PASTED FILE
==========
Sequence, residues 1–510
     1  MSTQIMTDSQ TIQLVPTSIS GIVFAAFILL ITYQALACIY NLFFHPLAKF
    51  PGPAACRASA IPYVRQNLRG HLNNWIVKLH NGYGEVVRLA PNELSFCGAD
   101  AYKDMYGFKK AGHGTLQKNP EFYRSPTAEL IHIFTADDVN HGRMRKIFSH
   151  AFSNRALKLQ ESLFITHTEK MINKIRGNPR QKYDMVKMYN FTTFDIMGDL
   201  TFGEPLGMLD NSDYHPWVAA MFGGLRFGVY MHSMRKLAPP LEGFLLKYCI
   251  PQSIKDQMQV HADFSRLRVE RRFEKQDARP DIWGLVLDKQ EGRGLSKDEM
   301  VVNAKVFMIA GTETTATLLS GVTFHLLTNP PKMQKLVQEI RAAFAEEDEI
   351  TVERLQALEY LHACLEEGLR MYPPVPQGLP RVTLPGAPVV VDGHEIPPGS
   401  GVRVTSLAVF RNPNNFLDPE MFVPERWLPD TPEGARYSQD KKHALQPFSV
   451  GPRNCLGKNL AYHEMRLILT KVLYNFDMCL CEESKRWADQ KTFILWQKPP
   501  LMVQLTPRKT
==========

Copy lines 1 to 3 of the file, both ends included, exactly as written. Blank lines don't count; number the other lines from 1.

Sequence, residues 1–510
     1  MSTQIMTDSQ TIQLVPTSIS GIVFAAFILL ITYQALACIY NLFFHPLAKF
    51  PGPAACRASA IPYVRQNLRG HLNNWIVKLH NGYGEVVRLA PNELSFCGAD